Remember the busy boards for toddlers that have an array of holes into which to hammer pegs of various shapes? There’s a new, electronic version. The board consists of a 2D grid of pegs. Each peg on the board can be either up or down, but not both simultaneously. You can pick any peg that is currently up, and “hammer” it down. This will push that peg down, and also raise all of the other pegs in its row, and its column, regardless of their current state. You cannot “hammer” a peg that is down (well, maybe you can, but it will have no effect). Those poor kids will never get all the pegs down at one time!
This example shows what happens when the top right peg is “hammered.” ($\circ =$ up, $\bullet =$ down)
A substitute teacher wants to challenge her class. She uses the “Teacher Mode” to set up the board in a particular configuration, and then asks her students to see if they can get the board to a second configuration by hammering some (perhaps none) of the pegs.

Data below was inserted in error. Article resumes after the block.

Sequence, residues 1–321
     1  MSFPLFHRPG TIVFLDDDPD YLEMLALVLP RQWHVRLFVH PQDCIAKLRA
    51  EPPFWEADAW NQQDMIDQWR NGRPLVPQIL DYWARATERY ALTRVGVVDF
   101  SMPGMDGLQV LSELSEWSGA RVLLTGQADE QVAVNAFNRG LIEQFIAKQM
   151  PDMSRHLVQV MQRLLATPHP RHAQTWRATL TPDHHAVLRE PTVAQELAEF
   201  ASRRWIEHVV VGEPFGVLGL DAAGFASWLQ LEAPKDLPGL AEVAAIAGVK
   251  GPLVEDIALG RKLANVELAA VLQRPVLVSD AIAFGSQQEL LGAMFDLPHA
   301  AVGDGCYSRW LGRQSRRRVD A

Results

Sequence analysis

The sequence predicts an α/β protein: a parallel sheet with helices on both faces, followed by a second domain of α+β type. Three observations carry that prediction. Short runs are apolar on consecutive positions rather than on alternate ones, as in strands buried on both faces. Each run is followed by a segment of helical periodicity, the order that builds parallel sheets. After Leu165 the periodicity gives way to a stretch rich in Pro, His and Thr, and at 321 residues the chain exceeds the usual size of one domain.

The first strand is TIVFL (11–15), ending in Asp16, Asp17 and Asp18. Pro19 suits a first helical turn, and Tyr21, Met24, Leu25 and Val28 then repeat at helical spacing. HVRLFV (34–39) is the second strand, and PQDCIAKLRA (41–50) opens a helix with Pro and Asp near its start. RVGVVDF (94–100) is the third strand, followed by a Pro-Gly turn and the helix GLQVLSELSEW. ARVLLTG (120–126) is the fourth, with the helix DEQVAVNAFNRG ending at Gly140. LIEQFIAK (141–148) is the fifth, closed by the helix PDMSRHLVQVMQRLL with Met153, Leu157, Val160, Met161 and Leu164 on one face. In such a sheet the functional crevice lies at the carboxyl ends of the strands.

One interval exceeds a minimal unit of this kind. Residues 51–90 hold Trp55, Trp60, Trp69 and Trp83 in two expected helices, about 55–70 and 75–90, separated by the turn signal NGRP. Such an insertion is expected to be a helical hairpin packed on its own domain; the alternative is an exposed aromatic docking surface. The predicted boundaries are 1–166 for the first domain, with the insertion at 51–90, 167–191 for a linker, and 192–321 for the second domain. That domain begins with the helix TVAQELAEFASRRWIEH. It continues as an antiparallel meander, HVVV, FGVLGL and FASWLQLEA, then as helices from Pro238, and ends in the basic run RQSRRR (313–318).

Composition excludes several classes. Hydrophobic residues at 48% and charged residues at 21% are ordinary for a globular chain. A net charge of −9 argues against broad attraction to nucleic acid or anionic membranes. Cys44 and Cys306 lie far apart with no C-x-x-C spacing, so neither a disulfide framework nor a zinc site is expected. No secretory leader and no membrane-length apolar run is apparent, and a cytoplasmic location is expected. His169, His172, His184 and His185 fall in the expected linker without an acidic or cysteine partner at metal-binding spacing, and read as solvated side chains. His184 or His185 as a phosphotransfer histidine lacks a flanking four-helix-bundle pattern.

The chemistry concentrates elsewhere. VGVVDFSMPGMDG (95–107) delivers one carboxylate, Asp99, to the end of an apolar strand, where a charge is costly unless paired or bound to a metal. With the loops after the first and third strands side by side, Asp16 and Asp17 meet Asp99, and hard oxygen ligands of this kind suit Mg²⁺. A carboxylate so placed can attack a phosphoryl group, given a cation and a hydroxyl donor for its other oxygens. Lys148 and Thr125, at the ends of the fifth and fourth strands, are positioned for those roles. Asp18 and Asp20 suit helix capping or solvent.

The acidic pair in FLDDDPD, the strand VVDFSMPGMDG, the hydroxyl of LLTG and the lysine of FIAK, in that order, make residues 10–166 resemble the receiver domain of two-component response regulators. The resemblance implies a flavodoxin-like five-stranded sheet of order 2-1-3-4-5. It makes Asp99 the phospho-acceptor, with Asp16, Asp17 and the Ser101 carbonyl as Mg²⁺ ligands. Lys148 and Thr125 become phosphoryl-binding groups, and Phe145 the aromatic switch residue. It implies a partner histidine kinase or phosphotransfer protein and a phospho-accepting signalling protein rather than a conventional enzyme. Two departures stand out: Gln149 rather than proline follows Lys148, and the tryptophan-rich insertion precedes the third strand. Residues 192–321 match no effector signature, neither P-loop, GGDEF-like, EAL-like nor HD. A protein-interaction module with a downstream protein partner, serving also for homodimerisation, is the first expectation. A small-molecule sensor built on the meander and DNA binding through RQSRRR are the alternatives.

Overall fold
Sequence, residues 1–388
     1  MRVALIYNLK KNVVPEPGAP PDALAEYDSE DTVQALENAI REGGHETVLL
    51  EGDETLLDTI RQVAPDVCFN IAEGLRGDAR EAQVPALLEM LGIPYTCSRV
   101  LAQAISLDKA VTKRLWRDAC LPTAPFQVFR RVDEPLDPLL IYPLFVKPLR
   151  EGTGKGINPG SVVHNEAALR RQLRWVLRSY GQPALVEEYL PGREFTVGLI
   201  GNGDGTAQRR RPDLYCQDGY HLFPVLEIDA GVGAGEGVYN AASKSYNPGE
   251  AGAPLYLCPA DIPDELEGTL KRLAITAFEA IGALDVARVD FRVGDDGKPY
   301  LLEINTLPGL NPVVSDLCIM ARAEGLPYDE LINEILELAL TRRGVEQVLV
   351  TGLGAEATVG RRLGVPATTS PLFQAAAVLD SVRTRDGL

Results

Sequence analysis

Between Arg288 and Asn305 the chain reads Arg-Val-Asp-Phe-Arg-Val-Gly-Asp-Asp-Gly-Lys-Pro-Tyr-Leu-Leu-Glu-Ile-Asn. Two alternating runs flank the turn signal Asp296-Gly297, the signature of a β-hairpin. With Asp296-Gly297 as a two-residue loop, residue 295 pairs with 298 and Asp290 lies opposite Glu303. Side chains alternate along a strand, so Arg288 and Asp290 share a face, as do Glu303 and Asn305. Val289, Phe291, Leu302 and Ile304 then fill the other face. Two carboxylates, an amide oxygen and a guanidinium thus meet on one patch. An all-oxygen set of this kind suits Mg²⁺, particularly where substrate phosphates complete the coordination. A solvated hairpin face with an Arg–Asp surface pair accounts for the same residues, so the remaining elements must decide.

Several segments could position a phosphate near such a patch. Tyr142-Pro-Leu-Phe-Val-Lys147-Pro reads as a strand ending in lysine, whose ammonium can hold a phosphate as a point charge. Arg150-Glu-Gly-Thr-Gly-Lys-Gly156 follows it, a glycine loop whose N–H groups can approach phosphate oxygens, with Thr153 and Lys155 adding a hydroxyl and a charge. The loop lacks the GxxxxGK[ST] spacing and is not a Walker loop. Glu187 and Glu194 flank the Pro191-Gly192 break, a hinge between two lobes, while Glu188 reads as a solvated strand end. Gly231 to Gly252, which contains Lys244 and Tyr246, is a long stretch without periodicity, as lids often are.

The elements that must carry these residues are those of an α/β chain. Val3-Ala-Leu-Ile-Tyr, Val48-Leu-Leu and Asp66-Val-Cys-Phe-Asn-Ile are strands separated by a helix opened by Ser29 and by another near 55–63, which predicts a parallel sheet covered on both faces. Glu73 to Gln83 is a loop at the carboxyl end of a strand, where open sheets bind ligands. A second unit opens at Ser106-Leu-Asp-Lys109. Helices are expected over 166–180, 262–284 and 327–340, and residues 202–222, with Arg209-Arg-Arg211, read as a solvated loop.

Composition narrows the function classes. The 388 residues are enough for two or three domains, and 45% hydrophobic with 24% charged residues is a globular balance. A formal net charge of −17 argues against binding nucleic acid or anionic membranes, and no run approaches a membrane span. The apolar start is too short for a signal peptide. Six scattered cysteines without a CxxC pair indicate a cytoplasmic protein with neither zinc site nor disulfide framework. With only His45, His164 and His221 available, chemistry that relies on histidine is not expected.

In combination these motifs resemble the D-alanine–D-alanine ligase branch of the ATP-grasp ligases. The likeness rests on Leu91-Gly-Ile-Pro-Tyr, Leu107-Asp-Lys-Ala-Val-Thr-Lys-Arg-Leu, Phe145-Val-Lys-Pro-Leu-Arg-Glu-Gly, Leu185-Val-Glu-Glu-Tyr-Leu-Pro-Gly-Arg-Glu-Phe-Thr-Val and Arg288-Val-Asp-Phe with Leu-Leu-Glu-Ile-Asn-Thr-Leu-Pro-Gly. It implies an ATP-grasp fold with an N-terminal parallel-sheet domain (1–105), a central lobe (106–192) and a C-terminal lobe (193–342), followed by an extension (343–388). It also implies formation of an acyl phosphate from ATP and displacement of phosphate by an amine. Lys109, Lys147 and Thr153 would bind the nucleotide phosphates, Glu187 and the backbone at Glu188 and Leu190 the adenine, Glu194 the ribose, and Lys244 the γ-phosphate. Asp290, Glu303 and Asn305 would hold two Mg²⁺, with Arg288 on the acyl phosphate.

That may be too tough of a problem for toddlers, but maybe you can handle it.
Each test case will begin with a line with two space-separated integers $r$ and $c$ ($1\! \le \! r,c\! \le \! 1\, 000$), which are the dimensions of the board.
Each of the next $r$ lines will have exactly $c$ characters, consisting only of capital ‘O’ (representing a peg that is up), capital ‘X’ (representing a peg that is down), and no spaces or other characters. This is the starting configuration.
Following this, each of the next $r$ lines will have exactly $c$ characters, consisting only of capital ‘O’ (representing a peg that is up), capital ‘X’ (representing a peg that is down), and no spaces or other characters. This is the target configuration.
Output a single integer, $1$ if it is possible to reach the target configuration from the starting configuration, and $0$ if it is impossible.
Sample Input 1 | Sample Output 1 |
---|---|
4 2 XO OX XO OX OX OO XO OO |
1 |
Sample Input 2 | Sample Output 2 |
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2 4 XXXX XXXX XOOO OOOO |
0 |